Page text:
Web Stories Saturday, February 24
TOKYO: Sony confirmed on Monday (Jan 22) it is pulling out of a US$10-billion merger agreed in 2021 of its Indian operations with local rival Zee Entertainment.

The collapse is a blow to both firms’ hopes of better competing with streaming rivals such as Disney, Amazon and Netflix in the booming entertainment market of 1.4 billion people.

The Japanese firm said in a statement that on Monday it “issued a notice terminating the definitive (merger) agreements” by the two companies and that “closing conditions … were not satisfied”.

The merger was agreed in 2021, with Zee chief executive Punit Goenka saying the new outfit would be worth close to US$10 billion with annual revenues approaching US$2 billion.

But closing the deal has been problematic, most recently because Sony reportedly did not want Goenka – who is facing a regulatory probe – to run the combined entity.

In addition, Sony had become concerned about slumping profits at Zee since 2021, a source at the Japanese firm who declined to be named told AFP last week.

India’s entertainment market, worth tens of billions of dollars, is already one of the world’s biggest, while smartphone adoption is forecast to expand further in the coming years.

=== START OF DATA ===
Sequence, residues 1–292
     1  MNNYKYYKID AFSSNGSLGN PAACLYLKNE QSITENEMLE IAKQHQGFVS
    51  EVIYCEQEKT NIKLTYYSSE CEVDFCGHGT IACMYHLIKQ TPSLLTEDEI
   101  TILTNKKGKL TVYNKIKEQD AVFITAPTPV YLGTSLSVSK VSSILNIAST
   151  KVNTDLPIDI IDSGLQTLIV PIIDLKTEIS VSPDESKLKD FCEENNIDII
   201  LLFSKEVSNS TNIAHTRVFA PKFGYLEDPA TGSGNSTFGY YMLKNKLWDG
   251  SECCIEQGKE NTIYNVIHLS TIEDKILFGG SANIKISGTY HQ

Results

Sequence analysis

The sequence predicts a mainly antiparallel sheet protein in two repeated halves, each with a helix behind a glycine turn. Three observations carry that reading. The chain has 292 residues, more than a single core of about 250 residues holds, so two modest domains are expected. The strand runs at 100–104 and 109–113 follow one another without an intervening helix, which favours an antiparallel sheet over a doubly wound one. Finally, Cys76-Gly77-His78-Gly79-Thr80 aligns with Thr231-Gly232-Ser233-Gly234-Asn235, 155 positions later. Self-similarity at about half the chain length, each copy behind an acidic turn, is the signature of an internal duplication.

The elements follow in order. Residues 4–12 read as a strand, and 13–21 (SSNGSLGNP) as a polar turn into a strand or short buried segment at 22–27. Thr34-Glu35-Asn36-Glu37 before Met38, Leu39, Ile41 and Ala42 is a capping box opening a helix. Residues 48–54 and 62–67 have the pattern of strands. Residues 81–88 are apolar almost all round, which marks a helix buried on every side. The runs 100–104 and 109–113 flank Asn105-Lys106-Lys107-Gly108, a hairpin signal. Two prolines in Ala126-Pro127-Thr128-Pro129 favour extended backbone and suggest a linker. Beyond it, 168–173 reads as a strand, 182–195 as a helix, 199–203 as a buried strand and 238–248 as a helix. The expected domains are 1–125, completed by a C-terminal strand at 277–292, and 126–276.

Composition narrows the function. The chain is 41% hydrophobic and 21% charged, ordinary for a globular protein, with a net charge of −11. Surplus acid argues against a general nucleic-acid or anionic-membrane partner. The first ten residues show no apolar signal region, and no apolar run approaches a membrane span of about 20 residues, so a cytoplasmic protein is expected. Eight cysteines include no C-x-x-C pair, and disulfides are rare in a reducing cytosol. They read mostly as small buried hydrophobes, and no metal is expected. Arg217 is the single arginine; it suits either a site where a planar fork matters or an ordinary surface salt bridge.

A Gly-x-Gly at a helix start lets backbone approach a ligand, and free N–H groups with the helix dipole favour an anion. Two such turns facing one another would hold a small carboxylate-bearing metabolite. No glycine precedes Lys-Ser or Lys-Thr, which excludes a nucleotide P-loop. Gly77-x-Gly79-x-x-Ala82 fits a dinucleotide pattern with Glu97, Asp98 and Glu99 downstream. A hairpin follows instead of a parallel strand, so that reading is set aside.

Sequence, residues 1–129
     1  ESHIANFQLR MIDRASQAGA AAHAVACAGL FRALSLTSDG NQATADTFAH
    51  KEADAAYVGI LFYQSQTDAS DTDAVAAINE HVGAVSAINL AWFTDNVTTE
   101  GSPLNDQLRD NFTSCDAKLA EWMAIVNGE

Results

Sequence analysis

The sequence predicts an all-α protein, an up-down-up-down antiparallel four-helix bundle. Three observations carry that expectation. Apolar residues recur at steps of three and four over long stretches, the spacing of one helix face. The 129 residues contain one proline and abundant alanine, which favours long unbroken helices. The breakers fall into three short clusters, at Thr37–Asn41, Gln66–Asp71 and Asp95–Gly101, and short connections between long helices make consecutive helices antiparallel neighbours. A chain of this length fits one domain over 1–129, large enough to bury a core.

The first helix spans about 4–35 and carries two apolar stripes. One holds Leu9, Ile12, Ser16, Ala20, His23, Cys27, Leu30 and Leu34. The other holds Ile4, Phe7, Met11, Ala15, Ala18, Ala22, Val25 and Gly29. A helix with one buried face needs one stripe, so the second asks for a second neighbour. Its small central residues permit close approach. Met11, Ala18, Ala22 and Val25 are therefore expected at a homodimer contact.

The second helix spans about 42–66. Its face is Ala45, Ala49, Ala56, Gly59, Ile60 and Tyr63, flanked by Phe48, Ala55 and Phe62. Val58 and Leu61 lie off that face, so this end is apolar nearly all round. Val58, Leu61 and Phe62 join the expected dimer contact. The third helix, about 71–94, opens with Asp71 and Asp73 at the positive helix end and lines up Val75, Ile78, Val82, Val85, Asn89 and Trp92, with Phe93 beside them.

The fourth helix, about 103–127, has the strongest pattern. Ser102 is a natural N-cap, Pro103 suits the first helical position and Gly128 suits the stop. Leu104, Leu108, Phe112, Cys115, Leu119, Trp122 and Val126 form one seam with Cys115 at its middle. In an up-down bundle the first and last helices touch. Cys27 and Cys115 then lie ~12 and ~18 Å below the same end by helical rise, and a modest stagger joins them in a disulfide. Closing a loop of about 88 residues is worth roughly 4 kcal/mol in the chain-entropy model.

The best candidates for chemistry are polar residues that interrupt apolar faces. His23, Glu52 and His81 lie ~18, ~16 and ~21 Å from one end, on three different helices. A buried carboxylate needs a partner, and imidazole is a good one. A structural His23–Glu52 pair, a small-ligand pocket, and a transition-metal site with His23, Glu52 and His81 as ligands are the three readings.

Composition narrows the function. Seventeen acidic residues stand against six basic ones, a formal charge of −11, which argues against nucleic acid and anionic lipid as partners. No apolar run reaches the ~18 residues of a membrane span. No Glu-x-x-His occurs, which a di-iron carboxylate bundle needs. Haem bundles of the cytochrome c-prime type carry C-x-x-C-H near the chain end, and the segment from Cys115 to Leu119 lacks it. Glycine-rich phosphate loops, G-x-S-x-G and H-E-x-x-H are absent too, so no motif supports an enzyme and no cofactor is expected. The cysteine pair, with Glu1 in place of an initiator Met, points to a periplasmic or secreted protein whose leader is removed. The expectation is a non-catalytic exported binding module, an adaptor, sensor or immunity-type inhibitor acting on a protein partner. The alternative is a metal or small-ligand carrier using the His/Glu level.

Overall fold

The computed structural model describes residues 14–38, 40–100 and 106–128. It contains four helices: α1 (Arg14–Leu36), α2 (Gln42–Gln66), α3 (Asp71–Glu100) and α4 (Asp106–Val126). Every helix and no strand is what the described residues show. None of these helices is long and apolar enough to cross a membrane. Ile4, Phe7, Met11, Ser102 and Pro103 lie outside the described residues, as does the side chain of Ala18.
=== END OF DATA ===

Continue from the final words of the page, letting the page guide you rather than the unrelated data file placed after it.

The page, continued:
A collapsed deal will leave Sony and Zee more vulnerable at a time when Reliance (RIL) is negotiating a merger with Disney’s India unit, Bloomberg News reported.

RIL is owned by Mukesh Ambani, India and Asia’s richest person.

Vivekanand Subbaraman, a media analyst at Ambit Capital, said that Zee would now have to “go back to the drawing board” and would be short of capital.

“Sony was going to infuse US$1.3 billion into the merger… Also, from an opportunity standpoint, it wasn’t just TV. It was also digital where Zee was struggling,” Subbaraman told AFP before Monday’s announcement.

He added that Sony LIV, the Japanese firm’s streaming service, had been “more successful” and was a “bigger business” than Zee’s Zee5.

“With reports of the RIL-Disney merger, the competitive landscape and overall market condition looks very different now than before,” Subbaraman added.

Sony said in its statement that it had “engaged in discussions in good faith” to extend a deadline to close the deal but that the discussion period “has expired without an agreement”.

It added that it “does not anticipate any material impact on its consolidated financial results as a result” of the termination.

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